Thermostats – Heating your home

Thermostats – Heating your home

How do I use my thermostat controls?

There are lots of different types of heating controls, so for specific advice, it’s good to check with your installer or read the manufacturer’s manual.

If you don’t have a copy of the manual handy, these can often be found online by searching for the manufacturer’s name.

We’ve listed some common functions below.


A timer or programmer allows you to control when your heating and hot water comes on and when it goes off.

This is useful because it means you can programme your central heating to fit around the way your home is used.

If you’re not at home or don’t require heating at night, then you can programme the heating system to switch off during these times.

Older programmers are simple timers that only operate once a day, but modern programmers offer options to control multiple on and off periods.

More sophisticated programmers now exist that are usually referred to as smart heating controls, which could offer more convenience and energy savings.

Depending on how your central heating system was installed, programmers are either:

  • Single channel – for combi boilers. This only controls central heating as hot water is provided on demand.
  • Two channel – for system or regular boilers, controlling heating in a single zone and hot water, or combi boilers controlling two separate heating zones (eg upstairs / downstairs).
  • Three channel – for system or regular boilers, controlling hot water and two separate heating zones.

How to set your programmer to save energy

The programme you set will be unique to your heating needs, but here are a few tips if you’re looking to save energy.

  1. Plan ahead

The less often you have the heating and hot water on, the more money you will save.

Think carefully about when you need the heating, and any periods in the day when you don’t need it – for example, if everyone in the home is out at work or school, the heating can be off.

Some programmers allow you to set different programmes for different days, so you can match it to your schedule.

  1. Include warm-up and cool-down times in your programme

It takes time for a house to heat up after the heating switches on and will take a while to cool down after the heating is switched off.

Generally, the average house will take about 30 minutes to heat up or cool down, but every home is different.

To find out your home’s ‘warm-up’ and ‘cool-down’ times, you could choose a cold evening and time how long it takes for your house to warm up to a comfortable temperature – this is the warm-up time.

Then turn the heating off completely and time how long it takes for the house to start to get uncomfortably cold – this is the cool-down time.

You can now set your programmer, including the warm-up and cool-down time.

For example, you can make sure that the heating goes on with a warm-up time before you wake up and turns off before you leave the house.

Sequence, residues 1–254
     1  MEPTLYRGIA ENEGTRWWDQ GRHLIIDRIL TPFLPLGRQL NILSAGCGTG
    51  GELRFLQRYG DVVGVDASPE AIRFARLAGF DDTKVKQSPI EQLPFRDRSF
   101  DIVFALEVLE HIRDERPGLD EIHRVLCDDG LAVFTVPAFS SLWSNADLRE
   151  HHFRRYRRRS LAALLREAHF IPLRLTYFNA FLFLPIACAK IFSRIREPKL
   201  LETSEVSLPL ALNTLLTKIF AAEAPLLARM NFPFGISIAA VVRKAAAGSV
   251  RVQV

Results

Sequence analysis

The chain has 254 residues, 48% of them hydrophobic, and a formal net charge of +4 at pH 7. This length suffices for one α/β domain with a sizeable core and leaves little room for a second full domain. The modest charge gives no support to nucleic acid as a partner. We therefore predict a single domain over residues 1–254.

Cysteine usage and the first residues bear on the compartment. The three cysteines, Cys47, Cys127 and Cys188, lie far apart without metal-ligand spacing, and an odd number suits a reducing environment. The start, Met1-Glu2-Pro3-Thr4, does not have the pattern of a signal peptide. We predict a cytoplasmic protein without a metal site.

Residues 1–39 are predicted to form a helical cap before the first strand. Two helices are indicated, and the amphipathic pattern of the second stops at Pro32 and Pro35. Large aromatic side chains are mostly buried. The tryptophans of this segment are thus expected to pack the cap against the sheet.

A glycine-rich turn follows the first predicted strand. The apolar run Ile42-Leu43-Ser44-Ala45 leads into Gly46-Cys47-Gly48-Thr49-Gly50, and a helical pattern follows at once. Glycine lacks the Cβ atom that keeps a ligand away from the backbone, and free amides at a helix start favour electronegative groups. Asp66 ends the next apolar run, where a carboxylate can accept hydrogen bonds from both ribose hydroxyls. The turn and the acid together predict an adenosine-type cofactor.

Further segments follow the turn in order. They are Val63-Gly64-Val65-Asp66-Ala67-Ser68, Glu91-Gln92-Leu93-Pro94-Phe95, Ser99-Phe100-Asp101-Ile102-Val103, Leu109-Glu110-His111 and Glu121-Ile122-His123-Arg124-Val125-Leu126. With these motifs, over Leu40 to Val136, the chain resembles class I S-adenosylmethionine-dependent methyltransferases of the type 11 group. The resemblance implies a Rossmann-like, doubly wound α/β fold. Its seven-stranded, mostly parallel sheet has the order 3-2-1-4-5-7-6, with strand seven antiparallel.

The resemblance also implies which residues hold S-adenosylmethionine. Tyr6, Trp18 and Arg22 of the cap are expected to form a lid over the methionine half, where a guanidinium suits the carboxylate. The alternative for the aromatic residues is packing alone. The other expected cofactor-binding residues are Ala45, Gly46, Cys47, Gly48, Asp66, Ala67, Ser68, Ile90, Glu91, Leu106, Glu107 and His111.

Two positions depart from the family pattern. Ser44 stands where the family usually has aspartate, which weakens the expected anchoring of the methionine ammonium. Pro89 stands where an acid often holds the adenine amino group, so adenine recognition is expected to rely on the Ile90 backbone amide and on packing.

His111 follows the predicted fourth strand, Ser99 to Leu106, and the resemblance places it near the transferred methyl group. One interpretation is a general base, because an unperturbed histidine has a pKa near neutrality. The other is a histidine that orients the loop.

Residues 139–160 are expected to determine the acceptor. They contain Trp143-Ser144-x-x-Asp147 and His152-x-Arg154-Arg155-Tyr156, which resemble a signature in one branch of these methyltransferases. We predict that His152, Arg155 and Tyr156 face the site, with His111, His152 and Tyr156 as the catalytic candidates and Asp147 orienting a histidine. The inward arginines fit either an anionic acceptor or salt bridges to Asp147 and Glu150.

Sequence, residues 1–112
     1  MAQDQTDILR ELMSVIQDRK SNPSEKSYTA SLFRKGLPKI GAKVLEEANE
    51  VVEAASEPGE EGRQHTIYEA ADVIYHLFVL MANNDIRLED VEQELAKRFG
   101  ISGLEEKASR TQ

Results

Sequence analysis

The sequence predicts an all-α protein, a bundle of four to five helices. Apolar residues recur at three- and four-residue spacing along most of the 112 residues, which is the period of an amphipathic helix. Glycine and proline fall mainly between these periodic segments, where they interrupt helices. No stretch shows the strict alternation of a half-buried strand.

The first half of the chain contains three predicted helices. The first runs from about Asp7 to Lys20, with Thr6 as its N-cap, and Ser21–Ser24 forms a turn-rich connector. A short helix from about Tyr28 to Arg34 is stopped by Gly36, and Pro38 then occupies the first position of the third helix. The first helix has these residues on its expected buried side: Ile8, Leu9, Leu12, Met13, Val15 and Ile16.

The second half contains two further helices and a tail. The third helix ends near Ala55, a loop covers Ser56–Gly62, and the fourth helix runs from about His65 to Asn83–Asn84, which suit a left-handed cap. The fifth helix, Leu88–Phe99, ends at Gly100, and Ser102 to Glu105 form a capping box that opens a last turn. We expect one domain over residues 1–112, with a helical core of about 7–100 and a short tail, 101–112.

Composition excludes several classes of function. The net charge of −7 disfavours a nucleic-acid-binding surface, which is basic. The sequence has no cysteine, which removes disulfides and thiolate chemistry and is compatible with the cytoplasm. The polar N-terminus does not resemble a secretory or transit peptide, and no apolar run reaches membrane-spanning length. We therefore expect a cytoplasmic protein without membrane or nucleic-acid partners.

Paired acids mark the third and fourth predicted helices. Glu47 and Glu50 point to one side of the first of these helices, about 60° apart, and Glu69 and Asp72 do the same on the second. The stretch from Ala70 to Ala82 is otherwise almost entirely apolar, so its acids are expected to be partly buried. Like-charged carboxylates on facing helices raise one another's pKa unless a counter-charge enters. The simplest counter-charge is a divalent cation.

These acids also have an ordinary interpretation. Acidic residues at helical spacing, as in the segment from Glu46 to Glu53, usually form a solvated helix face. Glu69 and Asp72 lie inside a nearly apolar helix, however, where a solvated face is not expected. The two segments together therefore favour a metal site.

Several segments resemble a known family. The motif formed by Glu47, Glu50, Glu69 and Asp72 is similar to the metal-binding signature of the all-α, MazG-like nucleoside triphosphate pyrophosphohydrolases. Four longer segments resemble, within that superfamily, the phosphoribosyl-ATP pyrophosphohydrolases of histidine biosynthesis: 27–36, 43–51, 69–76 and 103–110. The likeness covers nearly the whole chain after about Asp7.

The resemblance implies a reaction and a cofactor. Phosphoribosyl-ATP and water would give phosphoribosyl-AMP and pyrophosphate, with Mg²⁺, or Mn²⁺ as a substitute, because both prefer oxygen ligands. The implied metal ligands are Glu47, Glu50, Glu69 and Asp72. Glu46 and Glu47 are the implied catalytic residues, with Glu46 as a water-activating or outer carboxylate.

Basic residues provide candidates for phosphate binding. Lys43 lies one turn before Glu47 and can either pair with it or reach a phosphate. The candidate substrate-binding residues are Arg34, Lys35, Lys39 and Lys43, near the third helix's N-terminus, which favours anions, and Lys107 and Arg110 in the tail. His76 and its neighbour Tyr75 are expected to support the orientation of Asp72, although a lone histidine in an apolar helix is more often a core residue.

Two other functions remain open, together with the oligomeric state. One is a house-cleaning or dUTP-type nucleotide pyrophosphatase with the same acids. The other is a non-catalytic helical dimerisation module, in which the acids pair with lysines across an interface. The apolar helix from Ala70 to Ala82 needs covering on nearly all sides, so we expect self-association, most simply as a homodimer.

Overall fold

If you insulate your home, it will warm up faster and cool down more slowly, saving you money on heating.

  1. Don’t forget hot water

Set your water to heat up only when you need it.

If your hot water cylinder or tank is well insulated, you may even find that the hot water supply in the morning stays hot enough to use in the evenings.


These prevent your home from getting warmer than necessary.

They turn the heating on until the room reaches the temperature you have set, and then off until the temperature drops.

Room thermostats need a free flow of air to sense the temperature, so they should not be blocked by curtains or furniture, or placed near heat sources that could give them false readings.

Your room thermostat should be set to the lowest comfortable temperature, which for most is between 18°C and 21°C.

If you only have a single room thermostat for the whole house, for every degree you increase the temperature, it will increase the heating bill by about 10%.

You don’t need to turn your thermostat up when it is colder outside; the house will heat up to the set temperature regardless.

It may take a little longer on colder days, so you might want to set your heating to come on earlier in the winter.

Programmable room thermotstats

A programmable room thermostat combines time and temperature controls in a single unit and allows you to set different temperatures for different times of the day.

Some heating systems may use two programmable thermostats (upstairs and downstairs) rather than a single programmer for the whole house.

Thermostat radiator valves

Thermostatic radiator valves (TRVs) do not control the boiler; they control the flow of hot water through the radiator they are fitted to.

They work by sensing the air temperature around them.

If the room is warmer than the setting on the TRV, the valve will close a little, reducing the volume of hot water flowing into the radiator.

If the room temperature is lower than the TRV setting, the valve opens, increasing the flow of hot water into the radiator.

A radiator cover can prevent the TRV getting an accurate temperature reading.

Warm air, heated by the radiator, can get trapped under the cover, and the TRV can read this thinking the room is warmer than it is.

We do not recommend having radiator covers, if possible.

TRVs can be adjusted to different settings by twisting them clockwise or anti-clockwise.

They are usually marked with a scale from 0 – 6, where zero (0) is off and six (6) is fully open.

Aim for the lowest setting that keeps the room to your desired temperature.

A lower setting reduces the volume of hot water, using less energy and saving you money.If you’re not using a room, TRVs can also be used to either turn the radiator off completely or maintain a minimum temperature to keep the room just warm enough to prevent damp.


Dave Stroud
Author: Dave Stroud